The United States currently pays around $20 billion per year to farmers in direct subsidies as "farm income stabilization" via U.S. farm bills. These bills pre-date the economic turmoil of the Great Depression with the 1922 Grain Futures Act, the 1929 Agricultural Marketing Act and the 1933 Agricultural Adjustment Act creating a tradition of government support. The beneficiaries of the subsidies have changed as agriculture in the United States has changed. In the 1930s, about 25% of the country's population resided on the nation's 6,000,000 small farms. By 1997, 157,000 large farms accounted for 72% of farm sales, with only 2% of the U.S. population residing on farms. In 2006, the top 3 states receiving subsidies were Texas (10.4%), Iowa (9.0%), and Illinois (7.6%). The Total USDA Subsidies from farms in Iowa totaled $1,212,000,000 in 2006. From 2003 to 2005 the top 1% of beneficiaries received 17% of subsidy payments. In Texas, 72% of farms do not receive government subsidies. Of the close to $1.4 Billion in subsidy payments to farms in Texas, roughly 18% of the farms receive a portion of the payments. "Direct payment subsidies are provided without regard to the economic need of the recipients or the financial condition of the farm economy. Established in 1996, direct payments were originally meant to wean farmers off traditional subsidies that are triggered during periods of low prices for corn, wheat, soybeans, cotton, rice, and other crops." Top states for direct payments were Iowa ($501 million), Illinois ($454 million), and Texas ($397 million). Direct payments of subsidies are limited to $40,000 per person or $80,000 per couple. The subsidy programs give farmers extra money for their crops and guarantee a price floor. For instance in the 2002 Farm Bill, for every bushel of wheat sold, farmers were paid an extra 52 cents and guaranteed a price of 3.86 from 2002–03 and 3.92 from 2004–2007. That is, if the price of wheat in 2002 was 3.80 farmers would get an extra 58 cents per bushel (52 cents plus the $0.06 price difference). Corn is the top crop for subsidy payments. The Energy Policy Act of 2005 mandates that billions of gallons of ethanol be blended into vehicle fuel each year, guaranteeing demand, but US corn ethanol subsidies are between $5.5 billion and $7.3 billion per year. Producers also benefitted from a federal subsidy of 51 cents per gallon, additional state subsidies, and federal crop subsidies that can bring the total to 85 cents per gallon or more. However, the federal ethanol subsidy expired December 31, 2011. (US corn-ethanol producers were shielded from competition from cheaper Brazilian sugarcane-ethanol by a 54-cent-per-gallon tariff, however that tariff also expired December 31, 2011.)
Farm subsidies have the direct effect of transferring income from the general tax payers to farm owners. The justification for this transfer and its effects are complex and often controversial. Global food prices and international trade Although some critics and proponents of the World Trade Organization have noted that export subsidies, by driving down the price of commodities, can provide cheap food for consumers in developing countries,] low prices are harmful to farmers not receiving the subsidy. Because it is usually wealthy countries that can afford domestic subsidies, critics argue that they promote poverty in developing countries by artificially driving down world crop prices. Agriculture is one of the few areas where developing countries have a comparative advantage, but low crop prices encourage developing countries to be dependent buyers of food from wealthy countries. So local farmers, instead of improving the agricultural and economic self-sufficiency of their home country, are instead forced out of the market and perhaps even off their land. This occurs as a result of a process known as "international dumping" in which subsidized farmers are able to "dump" low-cost agricultural goods on foreign markets at costs that un-subsidized farmers cannot compete with. Agricultural subsidies often are a common stumbling block in trade negotiations. In 2006, talks at the Doha round of WTO trade negotiations stalled because the US refused to cut subsidies to a level where other countries' non-subsidized exports would have been competitive. Others argue that a world market with farm subsidies and other market distortions (as happens today) results in higher food prices, rather than lower food prices, as compared to a free market. Mark Malloch Brown, former head of the United Nations Development Program, estimated that farm subsidies cost poor countries about US$50 billion a year in lost agricultural exports: "It is the extraordinary distortion of global trade, where the West spends $360 billion a year on protecting its agriculture with a network of subsidies and tariffs that costs developing countries about US$50 billion in potential lost agricultural exports. Fifty billion dollars is the equivalent of today's level of development assistance."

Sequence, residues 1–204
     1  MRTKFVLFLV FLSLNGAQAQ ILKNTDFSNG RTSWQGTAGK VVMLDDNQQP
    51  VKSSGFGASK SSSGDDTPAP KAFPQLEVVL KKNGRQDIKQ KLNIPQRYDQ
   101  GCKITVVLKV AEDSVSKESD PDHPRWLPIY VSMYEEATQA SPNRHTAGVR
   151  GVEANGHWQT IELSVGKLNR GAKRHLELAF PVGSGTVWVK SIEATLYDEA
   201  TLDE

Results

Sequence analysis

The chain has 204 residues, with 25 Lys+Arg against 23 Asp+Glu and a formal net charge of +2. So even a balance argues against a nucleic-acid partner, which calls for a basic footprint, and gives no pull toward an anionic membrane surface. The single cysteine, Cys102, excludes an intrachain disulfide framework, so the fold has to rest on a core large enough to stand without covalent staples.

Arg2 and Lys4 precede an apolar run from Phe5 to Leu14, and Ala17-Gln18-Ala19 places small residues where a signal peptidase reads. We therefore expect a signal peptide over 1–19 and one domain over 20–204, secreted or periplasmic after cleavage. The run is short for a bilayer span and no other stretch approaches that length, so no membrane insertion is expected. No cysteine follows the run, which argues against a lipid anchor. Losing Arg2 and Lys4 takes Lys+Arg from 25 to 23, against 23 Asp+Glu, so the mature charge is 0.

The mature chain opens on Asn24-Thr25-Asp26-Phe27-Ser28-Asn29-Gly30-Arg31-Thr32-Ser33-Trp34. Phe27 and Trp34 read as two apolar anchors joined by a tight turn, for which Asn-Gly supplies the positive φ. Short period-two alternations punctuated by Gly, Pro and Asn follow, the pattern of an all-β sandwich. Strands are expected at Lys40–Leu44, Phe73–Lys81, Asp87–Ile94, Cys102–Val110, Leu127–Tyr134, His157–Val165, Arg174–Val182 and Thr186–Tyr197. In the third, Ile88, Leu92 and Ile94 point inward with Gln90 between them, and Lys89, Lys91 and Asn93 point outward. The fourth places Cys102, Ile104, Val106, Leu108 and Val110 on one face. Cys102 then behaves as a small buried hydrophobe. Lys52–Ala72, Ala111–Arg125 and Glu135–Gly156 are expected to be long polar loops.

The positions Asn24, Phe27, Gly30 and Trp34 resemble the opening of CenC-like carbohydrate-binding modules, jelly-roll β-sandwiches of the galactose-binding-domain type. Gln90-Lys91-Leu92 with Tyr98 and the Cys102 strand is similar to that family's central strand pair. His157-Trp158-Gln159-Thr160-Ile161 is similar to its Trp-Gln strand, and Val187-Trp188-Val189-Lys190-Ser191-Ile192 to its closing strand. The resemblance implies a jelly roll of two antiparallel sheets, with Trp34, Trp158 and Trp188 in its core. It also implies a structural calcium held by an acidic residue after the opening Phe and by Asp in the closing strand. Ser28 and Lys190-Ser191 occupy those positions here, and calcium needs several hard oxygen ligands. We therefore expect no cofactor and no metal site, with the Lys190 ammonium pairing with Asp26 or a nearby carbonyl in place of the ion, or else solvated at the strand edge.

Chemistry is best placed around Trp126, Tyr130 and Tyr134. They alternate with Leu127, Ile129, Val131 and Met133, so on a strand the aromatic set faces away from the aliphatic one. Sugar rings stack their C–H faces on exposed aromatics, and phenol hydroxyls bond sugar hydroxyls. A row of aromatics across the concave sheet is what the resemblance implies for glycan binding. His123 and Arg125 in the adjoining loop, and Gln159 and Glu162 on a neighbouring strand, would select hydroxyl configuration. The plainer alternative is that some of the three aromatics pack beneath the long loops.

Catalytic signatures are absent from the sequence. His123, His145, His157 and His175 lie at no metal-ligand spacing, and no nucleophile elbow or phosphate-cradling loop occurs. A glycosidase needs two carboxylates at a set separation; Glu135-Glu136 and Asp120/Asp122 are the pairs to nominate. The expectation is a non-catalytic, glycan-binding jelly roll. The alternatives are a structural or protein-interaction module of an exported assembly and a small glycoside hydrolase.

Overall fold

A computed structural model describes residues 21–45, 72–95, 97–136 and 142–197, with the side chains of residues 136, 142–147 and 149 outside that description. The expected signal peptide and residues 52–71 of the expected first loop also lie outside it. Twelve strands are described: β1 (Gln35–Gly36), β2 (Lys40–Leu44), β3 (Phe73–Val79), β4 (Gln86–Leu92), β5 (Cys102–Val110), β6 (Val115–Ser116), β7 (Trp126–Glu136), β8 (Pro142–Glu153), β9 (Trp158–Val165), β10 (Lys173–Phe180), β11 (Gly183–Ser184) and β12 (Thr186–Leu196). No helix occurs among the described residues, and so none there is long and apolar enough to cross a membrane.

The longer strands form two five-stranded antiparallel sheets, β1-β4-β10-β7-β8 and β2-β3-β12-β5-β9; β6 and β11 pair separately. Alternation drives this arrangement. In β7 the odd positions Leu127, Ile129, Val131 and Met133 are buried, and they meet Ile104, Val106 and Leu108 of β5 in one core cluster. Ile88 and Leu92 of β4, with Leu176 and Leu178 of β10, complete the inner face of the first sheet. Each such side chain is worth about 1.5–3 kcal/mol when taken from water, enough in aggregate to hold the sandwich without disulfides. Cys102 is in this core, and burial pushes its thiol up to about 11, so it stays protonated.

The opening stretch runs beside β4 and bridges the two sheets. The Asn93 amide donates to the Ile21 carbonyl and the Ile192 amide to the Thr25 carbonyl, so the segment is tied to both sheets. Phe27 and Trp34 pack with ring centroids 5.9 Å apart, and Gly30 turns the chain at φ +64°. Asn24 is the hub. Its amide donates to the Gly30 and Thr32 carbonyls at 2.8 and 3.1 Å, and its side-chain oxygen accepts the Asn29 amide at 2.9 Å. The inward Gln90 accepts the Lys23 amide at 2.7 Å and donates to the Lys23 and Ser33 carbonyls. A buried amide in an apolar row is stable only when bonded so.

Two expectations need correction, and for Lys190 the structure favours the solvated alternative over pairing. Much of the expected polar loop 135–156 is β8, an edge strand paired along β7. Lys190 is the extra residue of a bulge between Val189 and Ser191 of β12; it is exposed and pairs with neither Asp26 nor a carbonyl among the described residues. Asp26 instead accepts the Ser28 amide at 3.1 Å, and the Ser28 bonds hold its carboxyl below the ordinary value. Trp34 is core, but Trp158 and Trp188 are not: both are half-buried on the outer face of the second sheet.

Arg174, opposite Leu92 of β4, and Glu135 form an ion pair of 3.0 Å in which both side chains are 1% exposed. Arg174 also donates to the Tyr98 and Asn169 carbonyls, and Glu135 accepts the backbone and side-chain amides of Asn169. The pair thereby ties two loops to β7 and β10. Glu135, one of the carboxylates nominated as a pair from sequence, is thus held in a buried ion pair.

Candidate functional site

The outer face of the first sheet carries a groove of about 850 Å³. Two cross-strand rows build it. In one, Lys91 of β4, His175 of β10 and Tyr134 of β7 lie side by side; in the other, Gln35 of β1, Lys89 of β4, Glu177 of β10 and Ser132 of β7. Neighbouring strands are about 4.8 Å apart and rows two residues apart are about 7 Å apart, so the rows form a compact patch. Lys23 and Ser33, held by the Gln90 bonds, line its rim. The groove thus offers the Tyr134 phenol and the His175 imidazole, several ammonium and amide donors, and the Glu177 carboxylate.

LDCs Impact The impact of agricultural subsidies in developed countries upon developing-country farmers and international development is well documented. Agricultural subsidies depress world prices and mean that unsubsidised developing-country farmers cannot compete; and the effects on poverty are particularly negative when subsidies are provided for crops that are also grown in developing countries since developing-country farmers must then compete directly with subsidised developed-country farmers, for example in cotton and sugar. The IFPRI has estimated in 2003 that the impact of subsidies costs developing countries $24 billion in lost incomes going to agricultural and agro-industrial production; and more than $40Bn is displaced from net agricultural exports. Moreover the same study found that the Least Developed Countries have a higher proportion of GDP dependent upon agriculture, at around 36.7%, thus may be even more vulnerable to the effects of subsidies. It has been argued that subsidised agriculture in the developed world is one of the greatest obstacles to economic growth in the developing world; which has an indirect impact on reducing the income available to invest in rural infrastructure such as health, safe water supplies and electricity for the rural poor. The total amount of subsidies that go towards agriculture in OECD countries far exceeds the amount that countries provide in development aid. Haiti and US Rice Imports Haiti is an excellent example of a developing country negatively affected by agricultural subsidies in the developed world. Haiti is a nation with the capacity to produce rice and was at one time self-sufficient in meeting its own needs. At present, Haiti does not produce enough to feed its people; 60 percent of the food consumed in the country is imported. Following advice to liberalize its economy by lowering tariffs, domestically produced rice was displaced by cheaper subsidised rice from the United States. The Food and Agriculture Organization describes this liberalization process as being the removal of barriers to trade and a simplification of tariffs, which lowers costs to consumers and promotes efficiency among producers. Opening up Haiti's economy granted consumers access to food at a lower cost; allowing foreign producers to compete for the Haitian market drove down the price of rice. However, for Haitian rice farmers without access to subsidies, the downward pressure on prices led to a decline in profits. Subsidies received by American rice farmers, plus increased efficiencies, made it impossible for their Haitian counterparts to compete.3940 According to Oxfam and the International Monetary Fund, tariffs on imports fell from 50 percent to three percent in 1995 and the nation is currently importing 80 percent of the rice it consumes. The United States Department of Agriculture notes that since 1980, rice production in Haiti has been largely unchanged, while consumption on the other hand, is roughly eight times what it was in that same year.43 Haiti is among the top three consumers of long grain milled rice produced in the United States. As rice farmers struggled to compete, many migrated from rural to urban areas in search of alternative economic opportunities. Impact on nutrition Peer-reviewed research suggests that any effects of U.S. farm policies on U.S. obesity patterns must have been negligible. However, some critics argue that the artificially low prices resulting from subsidies create unhealthy incentives for consumers. For example, in the USA, cane sugar has been replaced with cheap corn syrup, making high-sugar food cheaper; beet and cane sugar are subject to subsidies, price controls, and import tariffs that distort the prices of these products as well. The lower price of energy-dense foods such as grains and sugars could be one reason why low-income people and food insecure people in industrialized countries are more vulnerable to being overweight and obese. In fact it has been found that meat and dairy production receive 63% of subsidies in the United States, as well as sugar subsidies for unhealthy foods, which contribute to heart disease, obesity and diabetes, with enormous costs for the health sector. Market distortions due to subsidies have led to an increase in corn fed cattle rather than grass fed. Corn fed cattle require more antibiotics and their beef has a higher fat content.